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Steroids And Sports

Last year, a famous athlete on this side of the pond was asked by the BBC whether a clean athlete could ever beat a doped one in an Olympic final. The athlete replied: 'It's possible, but the athlete taking drugs has to be having a real bad day'.

Dwain Chambers was his name, and that answer might have been honest, but it did him no good at all. Because in 2003 Dwain Chambers had tested positive for the performance enhancing steroid THG, for which he was banned from athletics for two years.

Since then he has completed an unsuccessful spell playing American football with the Hamburg Sea Devils in a European League. Having failed to reinvent himself there, Dwain Chambers has now come back to running. He remains at the top of his sport, and when he won the a major race at the indoor trials last weekend he won a place to represent Great Britain in the World Indoor Championships.

But there is something extraordinary about this comeback. The six man committee which picked him immediately issued a statement saying they would have preferred not to have picked him at all, and I quote: "The committee was unanimous in its desire not to select Dwain." They only picked him because legally they had to and the athlete's lawyers were ready to take them to court if they failed to do so.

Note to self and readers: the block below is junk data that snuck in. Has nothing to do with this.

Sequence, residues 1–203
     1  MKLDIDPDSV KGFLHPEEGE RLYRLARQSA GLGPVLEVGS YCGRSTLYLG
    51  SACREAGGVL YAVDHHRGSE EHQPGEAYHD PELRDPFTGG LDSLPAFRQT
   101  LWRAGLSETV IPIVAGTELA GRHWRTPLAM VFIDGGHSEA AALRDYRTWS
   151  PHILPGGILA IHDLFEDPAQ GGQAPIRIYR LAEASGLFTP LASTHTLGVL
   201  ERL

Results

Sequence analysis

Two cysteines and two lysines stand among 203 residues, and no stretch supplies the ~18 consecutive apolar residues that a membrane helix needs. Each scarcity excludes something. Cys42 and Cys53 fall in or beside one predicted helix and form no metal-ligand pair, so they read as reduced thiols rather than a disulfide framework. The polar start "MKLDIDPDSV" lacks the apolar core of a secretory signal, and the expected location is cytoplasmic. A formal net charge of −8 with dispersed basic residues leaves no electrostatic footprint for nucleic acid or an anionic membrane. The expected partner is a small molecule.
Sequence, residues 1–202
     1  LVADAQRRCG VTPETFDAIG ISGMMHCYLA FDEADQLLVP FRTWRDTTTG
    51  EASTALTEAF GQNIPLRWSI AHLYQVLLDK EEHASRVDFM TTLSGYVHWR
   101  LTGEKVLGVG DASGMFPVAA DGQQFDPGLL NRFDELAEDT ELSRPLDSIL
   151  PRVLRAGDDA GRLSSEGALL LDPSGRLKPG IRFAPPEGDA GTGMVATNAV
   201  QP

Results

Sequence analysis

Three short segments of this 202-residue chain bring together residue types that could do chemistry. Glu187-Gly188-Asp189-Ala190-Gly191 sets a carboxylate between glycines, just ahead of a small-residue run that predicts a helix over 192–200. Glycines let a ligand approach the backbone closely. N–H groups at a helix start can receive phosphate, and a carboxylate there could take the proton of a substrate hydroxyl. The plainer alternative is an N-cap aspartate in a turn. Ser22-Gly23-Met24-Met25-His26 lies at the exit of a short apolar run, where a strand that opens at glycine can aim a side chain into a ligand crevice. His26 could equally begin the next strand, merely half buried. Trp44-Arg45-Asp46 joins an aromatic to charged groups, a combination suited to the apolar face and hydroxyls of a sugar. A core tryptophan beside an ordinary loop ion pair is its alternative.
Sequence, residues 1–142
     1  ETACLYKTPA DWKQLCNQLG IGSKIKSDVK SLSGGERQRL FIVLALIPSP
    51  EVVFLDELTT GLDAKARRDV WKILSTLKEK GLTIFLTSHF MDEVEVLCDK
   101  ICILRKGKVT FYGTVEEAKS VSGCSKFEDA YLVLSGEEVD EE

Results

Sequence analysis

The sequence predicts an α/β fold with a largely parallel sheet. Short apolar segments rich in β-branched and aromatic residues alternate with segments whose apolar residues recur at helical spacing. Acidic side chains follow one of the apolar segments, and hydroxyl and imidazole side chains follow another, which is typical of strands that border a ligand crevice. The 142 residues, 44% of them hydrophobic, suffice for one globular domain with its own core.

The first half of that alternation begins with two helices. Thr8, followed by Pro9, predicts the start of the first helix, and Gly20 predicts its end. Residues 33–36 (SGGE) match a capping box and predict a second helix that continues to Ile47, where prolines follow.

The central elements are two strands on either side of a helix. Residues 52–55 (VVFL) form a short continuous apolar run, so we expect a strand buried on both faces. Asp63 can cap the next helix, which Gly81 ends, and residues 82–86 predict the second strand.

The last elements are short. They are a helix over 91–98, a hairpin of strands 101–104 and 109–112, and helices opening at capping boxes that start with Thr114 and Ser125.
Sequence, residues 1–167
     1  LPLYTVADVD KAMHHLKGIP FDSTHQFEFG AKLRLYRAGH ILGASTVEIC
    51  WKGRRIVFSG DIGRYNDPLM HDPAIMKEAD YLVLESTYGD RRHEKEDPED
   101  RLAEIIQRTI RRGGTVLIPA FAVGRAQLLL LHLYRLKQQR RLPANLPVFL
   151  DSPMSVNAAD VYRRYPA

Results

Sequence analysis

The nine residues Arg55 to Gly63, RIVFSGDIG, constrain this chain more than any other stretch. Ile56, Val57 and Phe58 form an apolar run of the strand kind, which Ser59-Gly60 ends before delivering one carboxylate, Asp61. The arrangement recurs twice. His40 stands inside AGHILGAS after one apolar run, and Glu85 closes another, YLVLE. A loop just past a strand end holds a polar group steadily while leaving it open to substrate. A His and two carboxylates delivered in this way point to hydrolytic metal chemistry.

The members of the committee complain that Chambers has only had one drugs test in more than a year, because of course he was abroad. But that of course is their fault rather than his. They thought he had retired from athletics, and therefore took him off the drug-testing list.

However that is not the central issue here. Chambers has done his time and has every right to run, but that is not the issue either. The real problem is that increasingly people watch athletics with a weary distrust of the whole sport. They simply don't believe in it any more. To quote Dwain Chambers, they believe the athlete taking drugs has to be having 'a real bad day' not to win.

As I heard an American commentator say, it's 'use or lose'. And as public attitudes harden here, so do those inside the sport. A woman athlete who won Olympic gold twice for Britain, Kelly Holmes, initially supported his return, but now says it is wrong to allow someone who has admitted cheating to represent his country. The call from many in British athletics is that if you cheat, you should be out -- forever.
By Peter Allen